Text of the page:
Never a dull moment here in San Diego County. Dozens of minor aftershocks continue to rattle nerves as well as the ground Monday following one of the strongest earthquakes to ever hit the region.
Two people were killed and at least 100 injured when a 7.2 temblor rocked Baja and the county Sunday afternoon. At least five subsequent quakes have measured 5.0 or greater, according to the U.S. Geological Survey.
On the Immigration front, more than three dozen Haitian earthquake survivors were released from Florida immigration jails on last week after more than two months in the custody of Immigration and Customs Enforcement.
Many had lost relatives in the Jan. 12 earthquake; some had been pulled from the rubble themselves. In the chaotic days and aftershocks that followed, many had been seeking security, food or treatment at the Port-au-Prince airport when they were waved onto military transports or other planes by United States Marines, only to be detained for lack of visas when they landed.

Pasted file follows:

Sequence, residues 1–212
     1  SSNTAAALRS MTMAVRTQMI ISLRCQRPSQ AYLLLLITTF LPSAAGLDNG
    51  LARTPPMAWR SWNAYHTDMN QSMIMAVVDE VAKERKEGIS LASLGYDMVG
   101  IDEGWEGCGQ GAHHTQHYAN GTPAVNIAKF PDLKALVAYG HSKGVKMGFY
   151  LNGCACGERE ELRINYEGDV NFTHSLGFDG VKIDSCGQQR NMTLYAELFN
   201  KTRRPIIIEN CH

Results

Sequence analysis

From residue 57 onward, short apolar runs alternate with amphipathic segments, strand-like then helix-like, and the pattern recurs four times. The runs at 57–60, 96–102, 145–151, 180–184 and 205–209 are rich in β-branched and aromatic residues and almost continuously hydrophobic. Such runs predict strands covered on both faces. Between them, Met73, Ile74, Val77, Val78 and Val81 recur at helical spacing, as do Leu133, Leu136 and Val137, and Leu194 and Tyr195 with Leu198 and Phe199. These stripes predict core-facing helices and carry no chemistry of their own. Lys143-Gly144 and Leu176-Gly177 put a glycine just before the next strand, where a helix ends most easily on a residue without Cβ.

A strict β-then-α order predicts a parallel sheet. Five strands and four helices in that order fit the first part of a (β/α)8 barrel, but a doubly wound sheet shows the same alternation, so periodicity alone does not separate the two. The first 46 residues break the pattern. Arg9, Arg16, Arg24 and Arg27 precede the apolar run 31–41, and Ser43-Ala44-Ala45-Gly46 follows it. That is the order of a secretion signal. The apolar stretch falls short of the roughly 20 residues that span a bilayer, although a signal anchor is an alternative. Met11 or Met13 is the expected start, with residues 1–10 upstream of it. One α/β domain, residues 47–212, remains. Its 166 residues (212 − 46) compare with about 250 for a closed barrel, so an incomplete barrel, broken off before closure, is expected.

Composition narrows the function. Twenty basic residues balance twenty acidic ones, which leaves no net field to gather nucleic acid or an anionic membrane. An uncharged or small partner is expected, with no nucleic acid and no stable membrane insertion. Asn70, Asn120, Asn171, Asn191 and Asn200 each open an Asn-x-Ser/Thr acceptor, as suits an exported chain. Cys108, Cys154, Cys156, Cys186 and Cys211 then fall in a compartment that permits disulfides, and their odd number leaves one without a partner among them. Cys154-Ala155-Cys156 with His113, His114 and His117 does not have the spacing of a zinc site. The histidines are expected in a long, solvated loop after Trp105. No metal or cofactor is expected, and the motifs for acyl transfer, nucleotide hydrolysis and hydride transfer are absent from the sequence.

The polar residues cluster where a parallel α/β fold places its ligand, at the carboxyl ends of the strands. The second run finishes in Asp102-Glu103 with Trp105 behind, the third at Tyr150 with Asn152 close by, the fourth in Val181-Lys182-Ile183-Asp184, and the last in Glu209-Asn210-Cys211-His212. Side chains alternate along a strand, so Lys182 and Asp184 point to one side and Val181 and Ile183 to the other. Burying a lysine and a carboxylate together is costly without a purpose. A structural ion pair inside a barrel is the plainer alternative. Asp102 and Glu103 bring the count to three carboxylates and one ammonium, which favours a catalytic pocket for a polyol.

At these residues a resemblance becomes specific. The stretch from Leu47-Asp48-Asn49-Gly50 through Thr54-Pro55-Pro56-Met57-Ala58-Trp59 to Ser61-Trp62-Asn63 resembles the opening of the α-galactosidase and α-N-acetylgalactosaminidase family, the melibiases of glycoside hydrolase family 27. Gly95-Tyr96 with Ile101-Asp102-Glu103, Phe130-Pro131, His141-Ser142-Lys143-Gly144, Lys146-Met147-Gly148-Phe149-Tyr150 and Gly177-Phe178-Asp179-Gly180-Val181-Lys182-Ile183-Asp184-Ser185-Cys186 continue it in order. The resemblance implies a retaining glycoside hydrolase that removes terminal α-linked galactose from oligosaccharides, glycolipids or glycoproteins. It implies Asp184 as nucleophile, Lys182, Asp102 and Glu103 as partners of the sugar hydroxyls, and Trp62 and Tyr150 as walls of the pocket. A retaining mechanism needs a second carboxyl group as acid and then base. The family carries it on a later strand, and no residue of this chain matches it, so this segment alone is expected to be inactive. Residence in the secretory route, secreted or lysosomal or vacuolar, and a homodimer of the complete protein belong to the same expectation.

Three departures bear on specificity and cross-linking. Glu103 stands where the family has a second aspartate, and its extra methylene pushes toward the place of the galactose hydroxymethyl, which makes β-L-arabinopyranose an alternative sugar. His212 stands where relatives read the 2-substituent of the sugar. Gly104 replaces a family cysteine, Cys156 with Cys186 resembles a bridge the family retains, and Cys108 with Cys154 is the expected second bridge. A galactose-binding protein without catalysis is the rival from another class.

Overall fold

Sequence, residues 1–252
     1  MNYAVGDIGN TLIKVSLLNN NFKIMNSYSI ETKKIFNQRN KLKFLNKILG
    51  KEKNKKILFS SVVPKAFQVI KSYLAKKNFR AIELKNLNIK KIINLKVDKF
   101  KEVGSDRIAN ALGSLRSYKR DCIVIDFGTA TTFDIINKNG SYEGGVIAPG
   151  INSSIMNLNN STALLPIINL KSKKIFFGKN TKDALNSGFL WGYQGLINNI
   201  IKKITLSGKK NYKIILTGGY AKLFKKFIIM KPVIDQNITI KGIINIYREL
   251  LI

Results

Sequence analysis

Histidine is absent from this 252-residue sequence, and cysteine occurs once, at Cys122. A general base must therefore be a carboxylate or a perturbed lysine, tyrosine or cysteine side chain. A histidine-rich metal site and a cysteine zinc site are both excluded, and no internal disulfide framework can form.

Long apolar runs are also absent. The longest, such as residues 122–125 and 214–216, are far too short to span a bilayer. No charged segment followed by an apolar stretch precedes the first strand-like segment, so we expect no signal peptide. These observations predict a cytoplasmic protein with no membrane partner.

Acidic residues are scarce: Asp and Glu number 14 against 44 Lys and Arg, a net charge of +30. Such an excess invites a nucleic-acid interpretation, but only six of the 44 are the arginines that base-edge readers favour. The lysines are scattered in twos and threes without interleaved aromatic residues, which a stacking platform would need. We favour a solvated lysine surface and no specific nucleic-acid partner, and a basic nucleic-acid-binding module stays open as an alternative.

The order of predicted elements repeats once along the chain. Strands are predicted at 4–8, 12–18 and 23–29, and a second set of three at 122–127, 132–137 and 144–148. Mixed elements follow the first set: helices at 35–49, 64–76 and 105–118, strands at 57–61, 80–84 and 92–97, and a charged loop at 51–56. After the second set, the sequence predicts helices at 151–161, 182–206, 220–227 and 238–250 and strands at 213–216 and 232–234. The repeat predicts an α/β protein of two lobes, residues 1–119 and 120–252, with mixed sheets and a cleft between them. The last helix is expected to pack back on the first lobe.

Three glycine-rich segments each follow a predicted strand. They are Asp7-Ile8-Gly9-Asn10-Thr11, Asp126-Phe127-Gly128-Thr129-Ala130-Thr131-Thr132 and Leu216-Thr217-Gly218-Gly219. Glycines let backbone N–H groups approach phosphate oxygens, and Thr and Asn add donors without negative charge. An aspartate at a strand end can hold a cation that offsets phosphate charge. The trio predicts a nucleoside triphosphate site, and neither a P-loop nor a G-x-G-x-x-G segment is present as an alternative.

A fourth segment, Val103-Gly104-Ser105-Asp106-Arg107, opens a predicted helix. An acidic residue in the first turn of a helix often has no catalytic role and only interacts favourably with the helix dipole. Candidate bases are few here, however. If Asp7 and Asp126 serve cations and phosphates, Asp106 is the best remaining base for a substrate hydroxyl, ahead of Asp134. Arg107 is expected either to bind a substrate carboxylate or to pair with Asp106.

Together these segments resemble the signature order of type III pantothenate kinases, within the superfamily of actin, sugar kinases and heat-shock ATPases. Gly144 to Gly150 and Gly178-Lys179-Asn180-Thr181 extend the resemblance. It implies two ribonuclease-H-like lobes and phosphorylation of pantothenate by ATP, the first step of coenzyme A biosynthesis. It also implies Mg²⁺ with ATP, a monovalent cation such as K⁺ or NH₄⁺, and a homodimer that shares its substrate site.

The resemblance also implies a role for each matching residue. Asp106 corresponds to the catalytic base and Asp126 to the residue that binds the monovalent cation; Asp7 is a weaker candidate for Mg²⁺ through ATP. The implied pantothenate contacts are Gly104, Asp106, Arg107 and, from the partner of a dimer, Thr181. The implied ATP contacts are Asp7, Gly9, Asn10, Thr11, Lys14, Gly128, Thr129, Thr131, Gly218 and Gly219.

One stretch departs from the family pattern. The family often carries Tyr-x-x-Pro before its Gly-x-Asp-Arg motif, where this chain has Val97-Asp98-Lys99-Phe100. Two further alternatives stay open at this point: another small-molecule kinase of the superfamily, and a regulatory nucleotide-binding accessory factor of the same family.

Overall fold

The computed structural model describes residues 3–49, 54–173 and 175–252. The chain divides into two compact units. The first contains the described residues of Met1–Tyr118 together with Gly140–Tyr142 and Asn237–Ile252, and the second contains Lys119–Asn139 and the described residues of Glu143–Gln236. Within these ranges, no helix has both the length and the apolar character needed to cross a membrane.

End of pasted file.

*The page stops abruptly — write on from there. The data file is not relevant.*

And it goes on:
Lawyers at the Florida Immigrant Advocacy Center, who had urged their release for weeks, were jubilant as they waited with relatives outside the Broward County Transitional Center, a privately operated jail in Pompano Beach, for the last ones to walk out. Immigration officials said 40 Haitian survivors would be released on orders of supervision by nightfall. This came on the day that The New York Times reported that at least 30 earthquake survivors were being detained.